Over the past four decades, India’s intensive focus on agricultural development, through the adoption of new cost effective technologies and production methods, led to an increase in agricultural production. Today, it is one of the world’s biggest producers of staple crops, fruits and horticulture. Many of these proven agricultural innovations can significantly help India overcome the challenges of low agricultural productivity and chronic poverty, as well as offer cost-effective development solutions to other countries facing food insecurity.
In November 2010, Prime Minister Singh and President Obama agreed to work together to develop, test, and replicate transformative technologies to extend food security in India as part of a new “Evergreen Revolution.” These efforts build on the historic legacy of cooperation between the United States and India during the Green Revolution of the 1960s, and will extend food security and benefit farmers and consumers. This new U.S.-India partnership will adapt technological advances and innovative solutions to address agriculture and food security concerns in India and around the globe. It will do this through a new model for collaboration that includes creating sustainable partnerships between private and public entities.
The Agricultural Innovations Partnership (AIP)
AIP aims to reduce poverty and hunger in India and in other developing countries by improving farmers’ access to the latest agricultural knowledge that will lead to increased productivity and strengthen food security. It seeks to do this by modernizing agricultural curriculum and extension services in select agricultural universities in India. By assisting agriculture universities to provide their graduates with practical exposure to modern farming technologies and management practices, the partnership will strengthen the skills of the graduates to meet the demands of the 21st century. This five-year project, led by Cornell University in the United States, is comprised of a consortium of Indian state agriculture universities, U.S. land-grant universities and private-sector partners.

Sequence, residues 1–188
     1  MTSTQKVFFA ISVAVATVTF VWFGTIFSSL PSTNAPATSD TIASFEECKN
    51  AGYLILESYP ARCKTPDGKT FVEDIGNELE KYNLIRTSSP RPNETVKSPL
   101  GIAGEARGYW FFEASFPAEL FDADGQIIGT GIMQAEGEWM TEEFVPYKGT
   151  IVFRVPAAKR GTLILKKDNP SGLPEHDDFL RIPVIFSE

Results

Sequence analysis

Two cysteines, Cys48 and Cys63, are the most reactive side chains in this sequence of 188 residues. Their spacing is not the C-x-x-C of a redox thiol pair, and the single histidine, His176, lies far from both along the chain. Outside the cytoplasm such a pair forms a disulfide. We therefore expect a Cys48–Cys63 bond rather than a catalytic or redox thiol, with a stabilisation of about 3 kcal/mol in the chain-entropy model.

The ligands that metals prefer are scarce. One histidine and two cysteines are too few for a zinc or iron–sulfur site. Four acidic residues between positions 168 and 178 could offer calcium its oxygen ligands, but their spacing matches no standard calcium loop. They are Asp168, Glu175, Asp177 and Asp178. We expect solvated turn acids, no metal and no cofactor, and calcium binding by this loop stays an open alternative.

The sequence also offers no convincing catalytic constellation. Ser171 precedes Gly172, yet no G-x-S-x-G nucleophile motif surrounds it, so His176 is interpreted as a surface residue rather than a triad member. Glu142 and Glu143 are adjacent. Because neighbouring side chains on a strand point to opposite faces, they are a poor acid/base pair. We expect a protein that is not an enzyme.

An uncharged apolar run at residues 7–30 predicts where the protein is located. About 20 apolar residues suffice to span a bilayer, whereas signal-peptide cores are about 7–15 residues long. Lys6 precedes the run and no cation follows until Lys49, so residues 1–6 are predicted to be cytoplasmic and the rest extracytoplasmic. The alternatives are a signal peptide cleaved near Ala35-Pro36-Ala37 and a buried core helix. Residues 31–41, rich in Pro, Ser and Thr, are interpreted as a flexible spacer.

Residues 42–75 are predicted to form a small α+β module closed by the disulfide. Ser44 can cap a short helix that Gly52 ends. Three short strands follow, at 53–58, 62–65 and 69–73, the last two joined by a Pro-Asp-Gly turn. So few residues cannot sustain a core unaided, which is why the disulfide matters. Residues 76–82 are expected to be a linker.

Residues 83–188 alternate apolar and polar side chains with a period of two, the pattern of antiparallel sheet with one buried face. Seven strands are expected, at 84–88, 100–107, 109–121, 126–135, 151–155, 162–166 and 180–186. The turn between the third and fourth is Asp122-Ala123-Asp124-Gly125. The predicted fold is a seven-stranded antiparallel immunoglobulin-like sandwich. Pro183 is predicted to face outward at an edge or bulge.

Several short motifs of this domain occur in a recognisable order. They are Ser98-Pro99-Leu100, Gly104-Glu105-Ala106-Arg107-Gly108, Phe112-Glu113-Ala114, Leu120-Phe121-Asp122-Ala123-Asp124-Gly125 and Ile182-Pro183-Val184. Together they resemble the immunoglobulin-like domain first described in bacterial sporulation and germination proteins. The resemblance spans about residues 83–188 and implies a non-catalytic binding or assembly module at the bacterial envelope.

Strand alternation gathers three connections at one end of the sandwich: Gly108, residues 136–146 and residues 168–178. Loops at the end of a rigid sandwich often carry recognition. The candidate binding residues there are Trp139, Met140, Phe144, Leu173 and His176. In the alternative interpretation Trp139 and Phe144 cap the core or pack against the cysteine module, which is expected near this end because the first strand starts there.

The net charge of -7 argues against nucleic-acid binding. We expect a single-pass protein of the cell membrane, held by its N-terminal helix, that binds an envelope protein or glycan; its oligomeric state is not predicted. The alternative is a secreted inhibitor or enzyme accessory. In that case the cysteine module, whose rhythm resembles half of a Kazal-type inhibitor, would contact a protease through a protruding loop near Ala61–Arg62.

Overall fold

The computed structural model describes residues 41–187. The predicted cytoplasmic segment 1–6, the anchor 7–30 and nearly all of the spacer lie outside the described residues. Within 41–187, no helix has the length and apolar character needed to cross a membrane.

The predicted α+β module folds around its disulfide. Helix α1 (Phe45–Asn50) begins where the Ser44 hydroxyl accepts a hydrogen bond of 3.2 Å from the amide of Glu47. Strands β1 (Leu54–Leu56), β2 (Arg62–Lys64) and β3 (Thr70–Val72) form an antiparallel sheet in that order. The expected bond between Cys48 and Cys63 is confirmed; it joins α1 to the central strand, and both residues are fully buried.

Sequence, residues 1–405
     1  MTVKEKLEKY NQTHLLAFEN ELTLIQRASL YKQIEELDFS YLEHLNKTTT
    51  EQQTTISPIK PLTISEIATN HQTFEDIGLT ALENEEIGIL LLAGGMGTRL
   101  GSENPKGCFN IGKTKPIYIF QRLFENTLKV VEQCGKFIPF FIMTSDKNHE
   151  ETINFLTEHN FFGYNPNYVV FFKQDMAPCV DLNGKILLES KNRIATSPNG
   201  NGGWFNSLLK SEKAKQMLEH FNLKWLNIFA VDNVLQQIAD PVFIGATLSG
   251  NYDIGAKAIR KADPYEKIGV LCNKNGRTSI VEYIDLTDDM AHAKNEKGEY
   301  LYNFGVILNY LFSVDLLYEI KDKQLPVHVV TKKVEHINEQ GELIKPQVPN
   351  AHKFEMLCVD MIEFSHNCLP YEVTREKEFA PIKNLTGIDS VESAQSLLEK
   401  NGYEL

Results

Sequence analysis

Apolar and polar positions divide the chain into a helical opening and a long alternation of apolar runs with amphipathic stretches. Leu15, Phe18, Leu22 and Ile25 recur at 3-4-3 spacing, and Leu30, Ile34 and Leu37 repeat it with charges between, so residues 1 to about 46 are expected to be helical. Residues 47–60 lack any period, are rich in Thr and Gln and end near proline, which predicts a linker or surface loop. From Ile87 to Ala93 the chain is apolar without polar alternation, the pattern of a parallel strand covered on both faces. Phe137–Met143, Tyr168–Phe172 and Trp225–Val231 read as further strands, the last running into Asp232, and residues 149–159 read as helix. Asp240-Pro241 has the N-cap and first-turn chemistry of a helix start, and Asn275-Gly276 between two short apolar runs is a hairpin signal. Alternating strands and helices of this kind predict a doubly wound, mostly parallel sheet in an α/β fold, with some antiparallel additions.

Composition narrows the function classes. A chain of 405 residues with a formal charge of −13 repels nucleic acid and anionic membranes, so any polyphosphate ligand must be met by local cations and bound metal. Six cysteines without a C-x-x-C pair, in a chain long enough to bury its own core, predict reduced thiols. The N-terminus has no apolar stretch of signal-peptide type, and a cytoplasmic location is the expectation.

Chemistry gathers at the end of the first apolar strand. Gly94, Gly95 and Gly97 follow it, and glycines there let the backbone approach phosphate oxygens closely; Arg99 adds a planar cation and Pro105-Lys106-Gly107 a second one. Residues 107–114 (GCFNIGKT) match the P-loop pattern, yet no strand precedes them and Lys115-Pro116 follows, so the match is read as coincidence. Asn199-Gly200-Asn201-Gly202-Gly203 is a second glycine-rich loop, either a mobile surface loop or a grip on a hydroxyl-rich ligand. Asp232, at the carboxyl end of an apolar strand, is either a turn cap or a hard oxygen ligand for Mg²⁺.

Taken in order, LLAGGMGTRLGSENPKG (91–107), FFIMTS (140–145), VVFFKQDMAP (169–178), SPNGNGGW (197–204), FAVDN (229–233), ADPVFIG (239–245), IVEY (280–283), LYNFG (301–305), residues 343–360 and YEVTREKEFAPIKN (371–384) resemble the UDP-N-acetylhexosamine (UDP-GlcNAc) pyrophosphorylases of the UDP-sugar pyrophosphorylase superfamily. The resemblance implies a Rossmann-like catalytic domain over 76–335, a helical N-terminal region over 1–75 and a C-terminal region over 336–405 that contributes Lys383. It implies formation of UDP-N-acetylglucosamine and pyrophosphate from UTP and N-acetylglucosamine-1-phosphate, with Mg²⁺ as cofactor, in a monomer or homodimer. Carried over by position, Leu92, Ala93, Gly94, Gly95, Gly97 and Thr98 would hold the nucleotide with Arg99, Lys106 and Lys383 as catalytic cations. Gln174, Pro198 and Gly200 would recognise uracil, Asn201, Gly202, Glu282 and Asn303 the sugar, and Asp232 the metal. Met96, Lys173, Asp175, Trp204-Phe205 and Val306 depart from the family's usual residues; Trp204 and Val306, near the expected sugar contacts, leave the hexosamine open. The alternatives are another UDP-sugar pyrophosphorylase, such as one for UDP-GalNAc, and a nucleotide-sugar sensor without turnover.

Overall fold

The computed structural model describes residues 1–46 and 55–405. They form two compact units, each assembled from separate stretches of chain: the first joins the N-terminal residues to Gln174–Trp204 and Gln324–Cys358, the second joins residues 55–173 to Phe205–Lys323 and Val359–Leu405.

Cereal Systems Initiative For South Asia (CSISA)
CSISA is jointly funded project of the Bill and Melinda Gates Foundation and USAID to improve cropping systems by integrating cutting-edge innovations (such as genetics and information-communications technology) with resource-conserving practices that deliver productivity, income and sustainability gains for farmers in eastern India.
Partnerships for Innovation and Knowledge (PIKA)
USAID provided technical assistance to increase farmer’s incomes through the promotion of resource-efficient, demand-driven and market-led agricultural systems. The program collaborated with a variety of private and public partners, which enabled some 240,000 farmers to increase yields 15-to-20 percent and contributed to the uptake of new technologies beyond project areas, while helping dairy, fruit and vegetable producers’ access markets that offered higher returns. Additionally, detailed market research helped agribusinesses tailor their products and services to fit the needs of smallholder farmers and to expand businesses by harnessing untapped market opportunities.
Disaster Management Project
USAID is partnering with the Government of India to address the challenges of disaster mitigation, preparedness, response and recovery. This partnership has helped the U.S. and India work together to share experiences and expertise and identify the requirements for establishing a successful and integrated disaster management system in India. The partnership draws on a range of U.S. Government partners such as the Federal Emergency Management Agency, the U.S. Forest Service, the National Oceanic and Atmospheric Administration and the U.S. Geological Survey to provide expertise and exchange information with Indian counterparts.
Last updated: May 10, 2013